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Argentina is a great place for TEFL Jobs for recent graduates of a TEFL course and to get your “teaching feet” wet. Argentina has a demand for well-trained English teachers in the country as a whole, with the TEFL job market being a bit tighter in Buenos Aires, as it is the most desirable destination. Jobs are still available in this city, but you’ll just have to dig a little bit more to find them.
TEFL jobs in Argentina provide the opportunity to teach people from a great many different backgrounds. Students are often from a wide variety of social and age groups and professions.
There are a number of ways to go about finding a job teaching English in Argentina, and these can be applied to practically any TEFL job market in the world. Get in touch with as many different language schools as possible - not only the ones who are advertising jobs. It’s relatively easy to source these schools using online job advertisements, directories of language schools and online yellow pages and newspapers.
It’s a good idea to call the school first and introduce yourself to their human resources person or even the school director. Then email them your up-to-date resume and photograph. If the school doesn’t need anyone at the time, you’ve at least sown a seed, and it can be worthwhile to check back in two or three weeks again.
Circumstances can change quickly at language schools. They may have just signed a new contract where they need a few more teachers quickly.
Another great way to find job openings is to get connected with the expat teaching community in the area where you’d like to teach. English teachers often hang out together, and they’ll often be among the first to know of a job that has just come available. Of course, you’ll be a more attractive candidate for employment if you are in the country and available immediately.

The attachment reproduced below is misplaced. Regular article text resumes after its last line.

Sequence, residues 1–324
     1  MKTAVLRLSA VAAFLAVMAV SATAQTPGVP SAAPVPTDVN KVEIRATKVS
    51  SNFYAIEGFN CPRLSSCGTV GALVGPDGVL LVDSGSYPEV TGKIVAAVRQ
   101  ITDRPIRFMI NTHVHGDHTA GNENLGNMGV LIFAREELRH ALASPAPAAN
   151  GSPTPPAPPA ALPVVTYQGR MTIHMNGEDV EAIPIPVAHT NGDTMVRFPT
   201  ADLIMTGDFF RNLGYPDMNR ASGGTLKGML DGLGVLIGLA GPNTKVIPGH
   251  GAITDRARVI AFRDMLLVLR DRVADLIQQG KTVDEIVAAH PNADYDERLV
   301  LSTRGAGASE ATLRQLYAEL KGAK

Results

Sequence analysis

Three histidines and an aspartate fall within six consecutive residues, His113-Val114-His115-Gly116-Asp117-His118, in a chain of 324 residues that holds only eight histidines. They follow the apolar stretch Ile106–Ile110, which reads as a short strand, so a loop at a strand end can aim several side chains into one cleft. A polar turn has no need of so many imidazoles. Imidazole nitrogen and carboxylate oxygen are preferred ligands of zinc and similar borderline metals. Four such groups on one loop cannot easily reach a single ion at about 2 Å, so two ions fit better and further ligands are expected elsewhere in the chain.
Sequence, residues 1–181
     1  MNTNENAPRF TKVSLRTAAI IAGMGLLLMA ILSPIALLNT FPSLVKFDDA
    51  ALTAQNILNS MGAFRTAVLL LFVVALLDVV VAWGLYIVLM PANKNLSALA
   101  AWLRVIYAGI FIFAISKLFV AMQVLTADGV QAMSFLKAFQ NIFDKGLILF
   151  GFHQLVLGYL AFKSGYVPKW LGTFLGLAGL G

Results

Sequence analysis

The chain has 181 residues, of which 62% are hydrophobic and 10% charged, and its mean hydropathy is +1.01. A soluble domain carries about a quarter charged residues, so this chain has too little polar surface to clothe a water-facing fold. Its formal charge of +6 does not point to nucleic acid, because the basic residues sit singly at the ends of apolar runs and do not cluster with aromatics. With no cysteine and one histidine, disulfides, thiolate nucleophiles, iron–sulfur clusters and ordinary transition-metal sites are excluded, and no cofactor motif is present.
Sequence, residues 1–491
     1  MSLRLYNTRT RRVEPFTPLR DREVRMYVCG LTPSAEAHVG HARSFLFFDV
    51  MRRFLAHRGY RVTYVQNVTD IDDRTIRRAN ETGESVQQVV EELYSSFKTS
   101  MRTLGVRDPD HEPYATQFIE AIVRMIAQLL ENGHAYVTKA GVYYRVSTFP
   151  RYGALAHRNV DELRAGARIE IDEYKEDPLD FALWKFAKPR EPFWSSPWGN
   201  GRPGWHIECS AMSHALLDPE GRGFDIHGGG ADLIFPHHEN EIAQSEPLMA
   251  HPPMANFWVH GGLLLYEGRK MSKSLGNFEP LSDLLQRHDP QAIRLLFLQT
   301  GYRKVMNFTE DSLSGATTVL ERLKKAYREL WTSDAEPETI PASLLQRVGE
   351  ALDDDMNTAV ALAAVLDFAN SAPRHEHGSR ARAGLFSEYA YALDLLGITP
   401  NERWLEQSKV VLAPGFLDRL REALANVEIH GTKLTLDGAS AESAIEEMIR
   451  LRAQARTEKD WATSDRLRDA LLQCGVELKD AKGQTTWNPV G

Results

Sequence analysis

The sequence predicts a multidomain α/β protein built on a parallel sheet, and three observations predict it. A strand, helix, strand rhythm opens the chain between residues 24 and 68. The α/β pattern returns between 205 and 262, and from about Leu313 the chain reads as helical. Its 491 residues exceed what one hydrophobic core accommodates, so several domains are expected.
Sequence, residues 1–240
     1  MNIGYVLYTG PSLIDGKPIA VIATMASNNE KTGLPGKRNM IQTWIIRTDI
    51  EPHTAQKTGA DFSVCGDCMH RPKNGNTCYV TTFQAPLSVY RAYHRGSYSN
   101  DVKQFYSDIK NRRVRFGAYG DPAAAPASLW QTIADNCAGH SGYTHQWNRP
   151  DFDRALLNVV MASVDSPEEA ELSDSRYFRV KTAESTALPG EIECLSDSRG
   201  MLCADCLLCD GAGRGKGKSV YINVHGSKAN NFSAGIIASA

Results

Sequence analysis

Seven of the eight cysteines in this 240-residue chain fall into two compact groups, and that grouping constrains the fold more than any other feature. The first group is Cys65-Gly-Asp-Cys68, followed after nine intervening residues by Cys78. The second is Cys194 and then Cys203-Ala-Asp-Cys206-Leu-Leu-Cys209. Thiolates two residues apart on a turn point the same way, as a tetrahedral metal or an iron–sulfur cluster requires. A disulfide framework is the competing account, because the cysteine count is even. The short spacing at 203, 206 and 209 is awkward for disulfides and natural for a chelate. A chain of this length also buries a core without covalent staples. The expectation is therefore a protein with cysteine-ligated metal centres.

Make sure that you ask questions regarding salary or hourly pay rate, whether you’ll have to travel to your lessons and if you get compensated for this time and reimbursed for expenses, what kind of material resources the school has for lesson planning and teaching materials, what kind of administrative and collegial support you will have, whether a visa will be needed and if the school assists with that, etc.
This will help to avoid any nasty surprises after you’ve already agreed to take the job.
Especially in Buenos Aires, you may find that you’ll have to be willing to take a job initially offering you less than a full weekly schedule and asking that you be flexible enough to cover for a sick colleague or to take the less desirable, smaller classes or ones with early or late hours.
Schools frequently tend to give a limited schedule at first while they assess your skill and dependability. If you can give them reason to have confidence in you, they will often begin to offer you more. Many new teachers find it necessary to take more than one position, when they are starting out.
Argentina’s rebound over the last few years from serious economic troubles has increased the general economic well-being of its citizens, while at the same time increasing the cost of living. Many English teachers find it challenging to make ends meet on teaching alone. You might not be able to save money teaching English in Argentina like you can in other Latin American and Asian countries.
However, Argentina is a wonderful place to live, having a very dynamic and interesting culture, and teaching English here is a great way to support and deepen the project of experiencing all it has to offer.
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